To: Hollywood Re: The next big thing
The pitch: Ken Burns meets The Parent Trap
The premise: 15-year-old identical twin sisters have their own movie company, Doubletroublets Productions, in Little Rock. They make award-winning documentaries.
Their work includes A Soldier in Skirts (2009), about the Women's Army Corps in World War II, and Return to Sender (2008), about Cuban refugees at Fort Chaffee, Ark., in 1980. Everybody tells them they ought to make a movie about themselves, but they can't see why.
The girls win national acclaim for their work, all the while bickering over Daredevil, the comic-book hero, and doughnuts, the last on the plate.
Confusion overtakes a visitor to the Bailin household. Twins Sarah and Emma Bailin are the daughters of artist David Bailin and lawyer Amy Lee Stewart. The girls expect to follow their mother and three older sisters to Wellesley College in Massachusetts. Hilarity ensues from T-shirts that read, "Wellesley Football." The all-women's college has no football team.
Still, the moviemaking twins resist turning their camera - a Panasonic DVX1006 - on themselves.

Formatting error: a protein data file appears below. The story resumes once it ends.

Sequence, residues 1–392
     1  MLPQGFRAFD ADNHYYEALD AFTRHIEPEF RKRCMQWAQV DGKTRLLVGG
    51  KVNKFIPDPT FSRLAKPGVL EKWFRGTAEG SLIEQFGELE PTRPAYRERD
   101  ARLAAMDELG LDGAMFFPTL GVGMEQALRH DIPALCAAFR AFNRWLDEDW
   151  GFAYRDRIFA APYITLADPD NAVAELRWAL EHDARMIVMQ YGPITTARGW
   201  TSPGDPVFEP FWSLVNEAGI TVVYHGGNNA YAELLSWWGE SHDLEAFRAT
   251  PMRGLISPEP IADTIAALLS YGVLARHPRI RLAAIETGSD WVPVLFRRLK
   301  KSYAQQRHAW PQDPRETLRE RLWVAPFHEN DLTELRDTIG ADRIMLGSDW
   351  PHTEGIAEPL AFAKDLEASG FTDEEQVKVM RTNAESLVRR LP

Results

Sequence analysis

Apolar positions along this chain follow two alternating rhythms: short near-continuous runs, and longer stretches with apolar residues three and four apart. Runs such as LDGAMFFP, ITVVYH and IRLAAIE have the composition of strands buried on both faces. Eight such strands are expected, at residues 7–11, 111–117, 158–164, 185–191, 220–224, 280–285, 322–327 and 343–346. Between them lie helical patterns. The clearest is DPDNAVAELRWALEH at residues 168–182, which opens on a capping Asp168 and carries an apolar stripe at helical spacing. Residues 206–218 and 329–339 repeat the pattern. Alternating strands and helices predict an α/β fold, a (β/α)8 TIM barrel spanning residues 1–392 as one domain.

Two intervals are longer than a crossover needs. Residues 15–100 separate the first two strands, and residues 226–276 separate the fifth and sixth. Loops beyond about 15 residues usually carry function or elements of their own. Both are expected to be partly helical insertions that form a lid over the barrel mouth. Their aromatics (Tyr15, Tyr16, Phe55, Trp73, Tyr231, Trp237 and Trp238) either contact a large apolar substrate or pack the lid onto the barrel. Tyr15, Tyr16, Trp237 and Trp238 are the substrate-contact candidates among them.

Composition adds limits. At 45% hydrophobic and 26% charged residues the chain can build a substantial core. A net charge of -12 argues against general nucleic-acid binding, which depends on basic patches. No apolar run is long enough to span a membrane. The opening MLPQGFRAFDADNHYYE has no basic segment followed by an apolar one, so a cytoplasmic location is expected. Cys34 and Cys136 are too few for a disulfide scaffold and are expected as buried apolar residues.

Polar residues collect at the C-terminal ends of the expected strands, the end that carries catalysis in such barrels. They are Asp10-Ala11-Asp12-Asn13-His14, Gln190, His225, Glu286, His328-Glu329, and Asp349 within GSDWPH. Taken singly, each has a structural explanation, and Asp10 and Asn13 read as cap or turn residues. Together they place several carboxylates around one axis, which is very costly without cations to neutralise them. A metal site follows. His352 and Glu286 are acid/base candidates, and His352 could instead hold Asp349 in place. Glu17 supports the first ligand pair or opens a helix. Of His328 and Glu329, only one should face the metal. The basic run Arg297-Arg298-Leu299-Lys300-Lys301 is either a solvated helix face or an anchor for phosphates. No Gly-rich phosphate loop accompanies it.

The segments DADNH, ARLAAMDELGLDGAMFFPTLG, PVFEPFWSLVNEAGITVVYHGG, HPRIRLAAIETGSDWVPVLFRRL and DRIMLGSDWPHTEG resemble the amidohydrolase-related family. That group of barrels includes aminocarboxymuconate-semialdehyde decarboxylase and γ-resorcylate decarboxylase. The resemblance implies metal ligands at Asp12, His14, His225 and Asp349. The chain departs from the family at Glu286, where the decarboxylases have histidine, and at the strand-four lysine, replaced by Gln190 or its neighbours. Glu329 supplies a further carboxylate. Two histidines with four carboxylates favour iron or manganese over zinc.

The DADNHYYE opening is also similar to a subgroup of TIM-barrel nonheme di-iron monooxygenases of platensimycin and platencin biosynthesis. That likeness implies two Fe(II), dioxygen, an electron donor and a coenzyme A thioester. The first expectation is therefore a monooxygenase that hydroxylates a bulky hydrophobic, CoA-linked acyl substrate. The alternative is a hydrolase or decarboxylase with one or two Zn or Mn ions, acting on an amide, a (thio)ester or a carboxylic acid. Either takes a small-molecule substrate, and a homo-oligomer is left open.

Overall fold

Screen treatment follows:
OPEN: on the red-brick exterior of the Bailin home in west Little Rock. A reporter has arrived to interview the twins.
The reporter has made a study of DoubleTroublets Productions. He has seen the twins' work on their Web site, doubletroublets.com. He has read their type-written filmography that cites three pages of screenings and honors at the Little Rock Film Festival, Hot Springs Documentary Film Festival, Los Angeles Film Festival, National Film Festival for Talented Youth in Seattle, others.
Skeptical of so much accomplishment in three years, he has contacted Bob Pest, co-director of the T Tauri Film Festival and Movie Camp in Batesville, for comment.
"Sarah and Emma are very talented and extremely focused," in Pest's esteem. The twins have received several awards in the T Tauri competition for young filmmakers, and Pest sees' "enormous promise" in their work.
CLOSE-UP: The reporter dings the doorbell, primed with serious questions about the twins' work - their focus on such troubled times as the subjects of Watching the Waters Rise (2007), about the great flood of 1927 that swamped much of Arkansas, and Separate But Equal (2006), about school desegregation.